We were sitting in a crammed cafe in the sweltering heat of a Mogadishu afternoon. The mishmash of conversation, clinking plates and loud horns from the street outside forced us to speak loudly across our plates of rice. A 22-year-old man I will call Liban, to protect his identity, sat across from me. Gangly and bursting with frenetic energy, he was telling me of his plans to cross the Mediterranean Sea to enter Italy illegally.
The topic came up casually during a conversation about a youth entrepreneurship summit I was organizing that week. He told me about a friend who introduced him to a fixer last year, who then connected him with a smuggler. He said his next step was to get together the last portion of the $4,000 that he would pay for his journey.
He pulled out a notebook and drew me a map. The plan was straightforward: He would cross the Ethiopia-Somalia border and meet with smugglers in Ethiopia. They would take him across the porous Ethiopian border with Sudan and on to Khartoum. From there, he would begin his journey into Libya. In Tripoli, he would board a boat and cross the Mediterranean to the Italian island of Lampedusa.
Sweden was his final destination. His cousin lived in Stockholm and promised to house him and help him find a job. He circled Sweden emphatically.
When I looked down, I couldn’t help but notice the crammed scribbles of quadratic equations on the opposite page. He was in his final year at university, hoping to become an engineer.
Two years later, I’m not sure where Liban is. I know he finished his degree in mathematics and is no longer in Somalia’s capital. But whenever I read about the horrific capsizing of boats loaded with hundreds of migrants off the coast of Italy, I think of our lunch that day.
I can’t help seeing an image of him in a rickety boat out at sea, crammed in with hundreds of others like cattle, sweltering under an unforgiving sun. I imagine him gaunt from dehydration, perhaps witnessing his fellow passengers turning on one another, or worst of all, surrounded by screaming, struggling migrants as their boat founders.
People often ask me what drives young men like Liban to take a journey that might very well lead to death. Are the privations of the journey, the abuse of traffickers and the risk of drowning worth the distant hope of finding a job as a janitor in Stockholm or picking tomatoes in southern Italy? Why would a young man, a university graduate, chance everything?
There is a Somali proverb that comes to mind: Poverty is slavery.
In Somalia, there is a population bulge of youths who live in a perpetual limbo of hopelessness, never moving forward, waiting for opportunities that never arrive, for a chance to give meaning to their lives. Like many of them, Liban did not face persecution or danger, just a life without purpose or hope. That is why he and thousands of others have risked their lives each year, and will continue to do so despite the recent headlines about hundreds of migrants drowned.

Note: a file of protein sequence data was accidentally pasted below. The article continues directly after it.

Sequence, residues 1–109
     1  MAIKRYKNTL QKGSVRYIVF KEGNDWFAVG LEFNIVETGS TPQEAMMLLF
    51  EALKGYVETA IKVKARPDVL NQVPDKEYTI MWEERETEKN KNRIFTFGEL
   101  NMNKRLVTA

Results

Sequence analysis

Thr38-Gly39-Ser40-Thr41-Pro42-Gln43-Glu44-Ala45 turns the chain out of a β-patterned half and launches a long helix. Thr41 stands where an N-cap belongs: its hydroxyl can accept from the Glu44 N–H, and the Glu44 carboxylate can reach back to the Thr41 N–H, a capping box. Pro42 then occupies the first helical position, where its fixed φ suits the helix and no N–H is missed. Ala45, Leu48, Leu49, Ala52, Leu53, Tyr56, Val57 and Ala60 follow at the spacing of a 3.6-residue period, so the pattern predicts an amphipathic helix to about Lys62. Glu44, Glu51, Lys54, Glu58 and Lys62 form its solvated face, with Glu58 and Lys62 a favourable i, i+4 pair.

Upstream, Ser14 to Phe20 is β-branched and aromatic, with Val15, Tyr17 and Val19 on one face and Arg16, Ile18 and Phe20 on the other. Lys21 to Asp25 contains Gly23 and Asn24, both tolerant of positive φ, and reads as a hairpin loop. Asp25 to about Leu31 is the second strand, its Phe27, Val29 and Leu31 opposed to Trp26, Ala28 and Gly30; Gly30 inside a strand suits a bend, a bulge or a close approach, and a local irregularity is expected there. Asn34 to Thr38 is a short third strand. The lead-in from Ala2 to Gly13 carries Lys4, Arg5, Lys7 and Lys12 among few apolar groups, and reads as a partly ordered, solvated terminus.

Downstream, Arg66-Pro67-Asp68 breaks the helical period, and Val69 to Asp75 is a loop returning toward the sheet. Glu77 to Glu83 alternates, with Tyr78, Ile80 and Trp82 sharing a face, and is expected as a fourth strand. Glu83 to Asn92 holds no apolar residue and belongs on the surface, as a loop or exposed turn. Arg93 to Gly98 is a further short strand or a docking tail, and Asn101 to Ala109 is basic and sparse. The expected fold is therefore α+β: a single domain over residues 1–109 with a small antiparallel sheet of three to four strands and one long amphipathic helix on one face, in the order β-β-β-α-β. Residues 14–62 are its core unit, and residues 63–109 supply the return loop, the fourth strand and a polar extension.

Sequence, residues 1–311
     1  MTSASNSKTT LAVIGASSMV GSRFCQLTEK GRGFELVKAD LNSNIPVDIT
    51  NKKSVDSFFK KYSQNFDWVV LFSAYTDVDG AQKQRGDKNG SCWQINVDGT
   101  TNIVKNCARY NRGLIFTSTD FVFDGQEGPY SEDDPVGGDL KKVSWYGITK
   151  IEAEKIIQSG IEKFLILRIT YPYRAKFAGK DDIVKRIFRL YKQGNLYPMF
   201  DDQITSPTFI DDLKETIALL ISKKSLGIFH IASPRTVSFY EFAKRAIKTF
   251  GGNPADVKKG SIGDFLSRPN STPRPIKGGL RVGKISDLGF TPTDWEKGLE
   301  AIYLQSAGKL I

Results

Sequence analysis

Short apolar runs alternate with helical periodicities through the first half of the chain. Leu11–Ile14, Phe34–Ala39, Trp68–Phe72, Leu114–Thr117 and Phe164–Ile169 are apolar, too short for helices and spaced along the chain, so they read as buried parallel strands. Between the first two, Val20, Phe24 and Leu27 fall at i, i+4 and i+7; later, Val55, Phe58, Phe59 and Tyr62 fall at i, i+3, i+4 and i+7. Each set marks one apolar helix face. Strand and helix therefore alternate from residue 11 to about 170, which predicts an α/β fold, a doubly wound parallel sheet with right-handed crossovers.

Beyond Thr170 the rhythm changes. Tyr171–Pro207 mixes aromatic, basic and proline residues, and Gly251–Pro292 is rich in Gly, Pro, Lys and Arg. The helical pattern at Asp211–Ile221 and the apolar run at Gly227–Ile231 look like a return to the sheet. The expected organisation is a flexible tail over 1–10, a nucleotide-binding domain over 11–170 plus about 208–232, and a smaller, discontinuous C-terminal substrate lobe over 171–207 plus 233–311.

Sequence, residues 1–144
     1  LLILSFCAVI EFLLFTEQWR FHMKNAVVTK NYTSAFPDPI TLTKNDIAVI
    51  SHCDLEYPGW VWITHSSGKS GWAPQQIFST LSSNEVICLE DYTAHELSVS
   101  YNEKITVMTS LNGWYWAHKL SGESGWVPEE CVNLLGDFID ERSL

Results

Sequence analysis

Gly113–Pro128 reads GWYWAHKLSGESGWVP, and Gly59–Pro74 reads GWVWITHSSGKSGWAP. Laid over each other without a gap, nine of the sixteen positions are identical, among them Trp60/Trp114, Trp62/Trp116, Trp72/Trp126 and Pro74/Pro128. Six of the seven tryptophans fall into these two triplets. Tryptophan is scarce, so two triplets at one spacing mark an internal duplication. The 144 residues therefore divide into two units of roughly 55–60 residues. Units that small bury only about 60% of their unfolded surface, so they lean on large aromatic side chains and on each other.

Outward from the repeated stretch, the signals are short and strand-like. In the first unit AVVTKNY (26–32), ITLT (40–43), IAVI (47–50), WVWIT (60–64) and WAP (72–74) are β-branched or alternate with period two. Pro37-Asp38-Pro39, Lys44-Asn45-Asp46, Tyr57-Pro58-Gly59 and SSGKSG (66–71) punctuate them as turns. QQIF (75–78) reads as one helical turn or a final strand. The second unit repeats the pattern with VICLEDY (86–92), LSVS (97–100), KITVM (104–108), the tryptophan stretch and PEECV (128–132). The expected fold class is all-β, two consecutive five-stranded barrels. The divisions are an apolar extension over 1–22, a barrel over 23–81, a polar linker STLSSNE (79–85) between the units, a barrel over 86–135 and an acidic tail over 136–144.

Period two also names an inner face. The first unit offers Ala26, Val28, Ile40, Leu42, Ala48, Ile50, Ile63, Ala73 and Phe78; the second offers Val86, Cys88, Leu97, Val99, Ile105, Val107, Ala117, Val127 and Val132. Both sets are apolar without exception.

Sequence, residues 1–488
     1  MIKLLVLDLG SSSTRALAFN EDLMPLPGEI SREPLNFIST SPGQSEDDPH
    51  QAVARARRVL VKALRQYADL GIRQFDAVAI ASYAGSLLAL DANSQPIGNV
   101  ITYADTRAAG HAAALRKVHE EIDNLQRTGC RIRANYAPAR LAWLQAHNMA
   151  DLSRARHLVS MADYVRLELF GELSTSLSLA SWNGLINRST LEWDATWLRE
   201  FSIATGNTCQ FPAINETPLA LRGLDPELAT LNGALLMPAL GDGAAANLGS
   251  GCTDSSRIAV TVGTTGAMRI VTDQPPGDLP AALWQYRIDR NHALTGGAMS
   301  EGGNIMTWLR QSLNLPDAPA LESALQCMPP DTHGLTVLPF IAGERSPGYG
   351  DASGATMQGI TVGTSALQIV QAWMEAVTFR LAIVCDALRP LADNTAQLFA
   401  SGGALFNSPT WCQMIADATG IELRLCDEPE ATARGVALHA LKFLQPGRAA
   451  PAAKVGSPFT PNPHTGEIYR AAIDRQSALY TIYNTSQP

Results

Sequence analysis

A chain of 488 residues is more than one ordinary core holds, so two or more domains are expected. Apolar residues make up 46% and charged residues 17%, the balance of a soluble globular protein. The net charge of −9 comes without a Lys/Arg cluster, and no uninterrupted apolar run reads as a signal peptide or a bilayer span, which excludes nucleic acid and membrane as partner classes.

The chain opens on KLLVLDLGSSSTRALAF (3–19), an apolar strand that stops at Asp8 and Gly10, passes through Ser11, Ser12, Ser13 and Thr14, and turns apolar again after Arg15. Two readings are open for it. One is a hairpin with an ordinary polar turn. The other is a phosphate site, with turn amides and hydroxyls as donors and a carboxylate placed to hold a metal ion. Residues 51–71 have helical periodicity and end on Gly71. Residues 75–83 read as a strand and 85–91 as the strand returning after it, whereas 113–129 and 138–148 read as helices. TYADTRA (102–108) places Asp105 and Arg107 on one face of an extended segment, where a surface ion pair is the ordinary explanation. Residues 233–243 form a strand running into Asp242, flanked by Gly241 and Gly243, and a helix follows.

The European Union seems to be in disarray when it comes to dealing with the issue. Some Italian officials have called for stopping boats before they depart Libya, or forcing them to return before they land on Italian shores. Instead of addressing what is pushing these migrants in the first place, Europe’s response has been to increase the militarization of its maritime borders. The deaths of thousands of migrants, who are taking more perilous routes to avoid capture, have been the predictable result.
Addressing the root causes of unauthorized migration is one solution. While some fled civil war, many more of those who have died were simply seeking a better life. About two-thirds of Somali youths want to leave the country because they are unable to find work; in south-central Somalia, which includes the capital, the figure is as high as 87 percent. It is important to identify the communities at highest risk of choosing illegal migration and provide them the livelihoods they so desperately seek.
One successful model has been to train and support young people in starting their own businesses. Several organizations that promote entrepreneurship now exist in Somalia, providing young people with a way to earn an income. They include Shaqodoon, a Somali youth-led organization, and Silatech, which aims to support youth entrepreneurs in the Arab world. Silatech has partnered with money transfer businesses in Somalia to help finance youth start-ups.
On a Pan-African level, the Nigeria-based Tony Elumelu Foundation started a $100 million initiative this year to train and finance an eventual target of 10,000 start-ups across the continent. Of course, youth entrepreneurship initiatives are not an all-encompassing solution, but they can help reduce the number of people who risk their lives crossing the dangerous waters of the Mediterranean in search of work.
In 2013, the European Union pledged 650 million euros ($725 million) to Somalia as part of $2.4 billion in reconstruction aid from international donors. More of this money should be used to enable Somalis to earn a living at home.
As long as Somalia’s thousands of young people are stifled by poverty and condemned to hopeless, endless waiting, they will continue to risk their lives seeking better opportunities on the other side of the Mediterranean.
Mohamed Abdulkadir Ali, a 2013 New Voices fellow at the Aspen Institute, is the founder of the Iftiin Foundation, an organization fostering social entrepreneurship in Somalia.